Blood Agar: Hemolytic Reactions
When streaked on Blood Agar, many species of bacteria cause hemolysis – i.e., destruction of the erythrocytes (and hemoglobin) in the medium. Hemolytic reactions are generally classified as alpha, beta or gamma according to the appearance of zones around isolated colonies growing on or in the medium:
Beta hemolysis: The colony is surrounded by a white or clear zone in which few or no intact erythrocytes are found. This reaction is best seen when the organism is growing under anaerobic conditions. Beta hemolysis is caused by one or more erythrocyte-lysing enzymes called hemolysins. In the top photo at right which shows Enterococcus durans growing on Blood Agar, the light to clear zones can be seen around the colonies. Where growth occurs in the presence of less oxygen (in stabs into the medium made with the inoculating loop as seen here on a plate of Streptococcus pyogenes), the reaction is more pronounced.
Alpha hemolysis: The colony is surrounded by a zone of intact but discolored erythrocytes that have a greenish color. This appearance is generally due to the action of peroxide produced by the bacteria. The bottom photo shows Streptococcus mitis growing on Blood Agar; some greenish zones of alpha hemolysis are visible. The absence of growth around an optochin disc, as seen here, helps to distinguish S. pneumoniae from other alpha-hemolytic streptococci.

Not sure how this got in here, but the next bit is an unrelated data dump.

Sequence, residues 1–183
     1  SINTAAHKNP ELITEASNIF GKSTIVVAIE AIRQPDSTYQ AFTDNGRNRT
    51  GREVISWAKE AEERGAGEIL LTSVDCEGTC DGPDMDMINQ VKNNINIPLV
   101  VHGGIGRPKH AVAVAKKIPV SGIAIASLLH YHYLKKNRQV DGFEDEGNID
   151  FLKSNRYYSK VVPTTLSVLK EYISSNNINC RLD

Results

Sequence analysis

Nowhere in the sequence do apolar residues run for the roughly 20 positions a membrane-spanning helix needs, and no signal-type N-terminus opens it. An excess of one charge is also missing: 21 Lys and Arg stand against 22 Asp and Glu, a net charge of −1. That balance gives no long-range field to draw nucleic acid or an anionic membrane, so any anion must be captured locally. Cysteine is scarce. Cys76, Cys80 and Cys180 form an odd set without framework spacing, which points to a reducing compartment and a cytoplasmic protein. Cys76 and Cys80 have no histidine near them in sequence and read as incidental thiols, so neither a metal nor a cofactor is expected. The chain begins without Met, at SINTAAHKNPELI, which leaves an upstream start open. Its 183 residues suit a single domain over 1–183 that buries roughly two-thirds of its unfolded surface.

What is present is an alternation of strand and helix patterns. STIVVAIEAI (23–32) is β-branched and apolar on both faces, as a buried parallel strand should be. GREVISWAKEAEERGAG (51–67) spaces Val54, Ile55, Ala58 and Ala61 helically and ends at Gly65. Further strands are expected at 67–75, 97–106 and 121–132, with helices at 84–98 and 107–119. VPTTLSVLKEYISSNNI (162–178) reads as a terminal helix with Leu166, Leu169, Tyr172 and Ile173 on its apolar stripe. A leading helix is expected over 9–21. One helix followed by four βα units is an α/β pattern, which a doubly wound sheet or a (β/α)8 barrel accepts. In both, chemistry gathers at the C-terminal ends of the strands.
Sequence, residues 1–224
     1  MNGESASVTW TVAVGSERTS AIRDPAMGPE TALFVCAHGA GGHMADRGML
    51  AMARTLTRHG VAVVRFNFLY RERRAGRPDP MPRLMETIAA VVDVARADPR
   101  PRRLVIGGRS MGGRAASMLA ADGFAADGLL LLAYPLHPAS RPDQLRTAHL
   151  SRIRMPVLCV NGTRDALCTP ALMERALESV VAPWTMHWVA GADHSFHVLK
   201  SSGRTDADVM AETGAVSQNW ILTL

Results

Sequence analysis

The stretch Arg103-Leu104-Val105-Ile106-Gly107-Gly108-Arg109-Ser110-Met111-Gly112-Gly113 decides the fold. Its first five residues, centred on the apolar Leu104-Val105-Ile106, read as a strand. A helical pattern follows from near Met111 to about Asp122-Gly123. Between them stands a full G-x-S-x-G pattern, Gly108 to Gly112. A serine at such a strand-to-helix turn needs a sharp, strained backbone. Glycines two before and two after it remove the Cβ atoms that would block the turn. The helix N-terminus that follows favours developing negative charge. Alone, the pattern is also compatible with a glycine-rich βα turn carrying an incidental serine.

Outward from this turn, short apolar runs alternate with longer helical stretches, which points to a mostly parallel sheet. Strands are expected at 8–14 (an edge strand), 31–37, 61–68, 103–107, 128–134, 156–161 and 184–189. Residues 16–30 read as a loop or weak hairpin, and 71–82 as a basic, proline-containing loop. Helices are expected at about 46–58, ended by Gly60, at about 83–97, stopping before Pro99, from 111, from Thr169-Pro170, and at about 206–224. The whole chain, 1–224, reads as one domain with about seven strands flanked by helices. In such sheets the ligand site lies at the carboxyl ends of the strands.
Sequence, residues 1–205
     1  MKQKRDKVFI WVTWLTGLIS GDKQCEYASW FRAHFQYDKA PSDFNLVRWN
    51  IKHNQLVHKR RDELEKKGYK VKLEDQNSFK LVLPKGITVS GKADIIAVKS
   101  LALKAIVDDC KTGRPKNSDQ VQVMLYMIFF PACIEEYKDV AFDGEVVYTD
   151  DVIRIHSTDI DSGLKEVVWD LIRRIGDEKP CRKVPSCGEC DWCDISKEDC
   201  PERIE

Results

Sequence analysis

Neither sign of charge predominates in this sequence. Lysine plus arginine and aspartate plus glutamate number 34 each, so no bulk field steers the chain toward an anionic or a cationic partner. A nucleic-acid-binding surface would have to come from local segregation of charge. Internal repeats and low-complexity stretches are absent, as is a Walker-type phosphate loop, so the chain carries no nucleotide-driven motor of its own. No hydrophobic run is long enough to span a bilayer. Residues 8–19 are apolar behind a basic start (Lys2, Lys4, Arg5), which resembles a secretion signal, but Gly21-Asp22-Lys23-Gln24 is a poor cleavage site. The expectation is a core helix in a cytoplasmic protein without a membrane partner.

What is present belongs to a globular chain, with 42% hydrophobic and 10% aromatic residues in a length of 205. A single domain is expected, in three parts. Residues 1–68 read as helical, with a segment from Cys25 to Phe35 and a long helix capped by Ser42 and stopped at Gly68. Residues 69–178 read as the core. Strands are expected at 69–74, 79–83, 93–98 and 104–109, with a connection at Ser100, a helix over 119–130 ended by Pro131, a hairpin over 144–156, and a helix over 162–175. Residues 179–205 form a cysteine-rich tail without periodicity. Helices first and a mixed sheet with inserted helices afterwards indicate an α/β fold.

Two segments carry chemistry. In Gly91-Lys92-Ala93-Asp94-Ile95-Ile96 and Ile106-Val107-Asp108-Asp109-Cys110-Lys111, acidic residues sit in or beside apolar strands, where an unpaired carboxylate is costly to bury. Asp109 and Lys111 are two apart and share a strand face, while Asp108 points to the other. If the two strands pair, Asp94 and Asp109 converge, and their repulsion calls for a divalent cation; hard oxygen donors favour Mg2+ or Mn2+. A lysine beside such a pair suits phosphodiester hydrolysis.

Gamma hemolysis is simply a synonym for negative hemolysis in which there is no change in the medium surrounding the colony as seen here.
Blood Agar: The CAMP Test
Streptococcus agalactiae, a member of the Lancefield Group B streptococci, is one of the causative agents of mastitis in cows. Identifying this organism can be difficult, and the CAMP Test was designed to aid in the identification of this organism. This test relies on the fact that most S. agalactiae strains produce a diffusible, extracellular compound that will, in conjunction with a specific beta-hemolysin of Staphylococcus aureus, cause complete lysis of sheep red blood cells in an agar medium. This test was named after the authors of the original paper.
Remember not to confuse the terms hemolysin (that which causes hemolysis) and hemolysis (also known as hemolytic reaction – i.e., the reaction seen in the blood). Different Greek-letter systems apply to various hemolysins produced by S. aureus and hemolytic reactions.
In this photo, a Blood Agar plate is shown after 24 hours of incubation at 37°C. The vertical streak is a beta-hemolysin-producing strain of Staphylococcus aureus, and at right angles to it are streaks of (1)Enterococcus faecalis, (2)Streptococcus salivarius, (3)S. agalactiae, and (4)E. durans. Note the large area of complete lysis where the extracellular compound of S. agalactiae encounters the beta-lysin of S. aureus.
Reference: Christie, R., N. E. Atkins, and E. Munch-Peterson. 1944. A note on a lytic phenomenon shown by group B streptococci. Aust. J. Exp. Biol. Med. Sci. 22:197-200.
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Department of Bacteriology, U.W.-Madison
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